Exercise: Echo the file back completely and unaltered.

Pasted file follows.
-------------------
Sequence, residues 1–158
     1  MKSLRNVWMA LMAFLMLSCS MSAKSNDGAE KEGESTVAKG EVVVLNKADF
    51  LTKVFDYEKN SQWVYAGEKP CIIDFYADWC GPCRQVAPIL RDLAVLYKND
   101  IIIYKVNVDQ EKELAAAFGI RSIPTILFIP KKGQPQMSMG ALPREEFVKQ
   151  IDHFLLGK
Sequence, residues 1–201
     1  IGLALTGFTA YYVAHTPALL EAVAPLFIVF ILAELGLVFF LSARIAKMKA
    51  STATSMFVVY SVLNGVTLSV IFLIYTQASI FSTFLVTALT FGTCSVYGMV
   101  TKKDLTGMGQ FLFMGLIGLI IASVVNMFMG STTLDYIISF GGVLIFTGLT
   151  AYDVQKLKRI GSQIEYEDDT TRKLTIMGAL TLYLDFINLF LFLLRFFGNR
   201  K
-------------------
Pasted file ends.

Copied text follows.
Sequence, residues 1–158
     1  MKSLRNVWMA LMAFLMLSCS MSAKSNDGAE KEGESTVAKG EVVVLNKADF
    51  LTKVFDYEKN SQWVYAGEKP CIIDFYADWC GPCRQVAPIL RDLAVLYKND
   101  IIIYKVNVDQ EKELAAAFGI RSIPTILFIP KKGQPQMSMG ALPREEFVKQ
   151  IDHFLLGK
Sequence, residues 1–201
     1  IGLALTGFTA YYVAHTPALL EAVAPLFIVF ILAELGLVFF LSARIAKMKA
    51  STATSMFVVY SVLNGVTLSV IFLIYTQASI FSTFLVTALT FGTCSVYGMV
   101  TKKDLTGMGQ FLFMGLIGLI IASVVNMFMG STTLDYIISF GGVLIFTGLT
   151  AYDVQKLKRI GSQIEYEDDT TRKLTIMGAL TLYLDFINLF LFLLRFFGNR
   201  K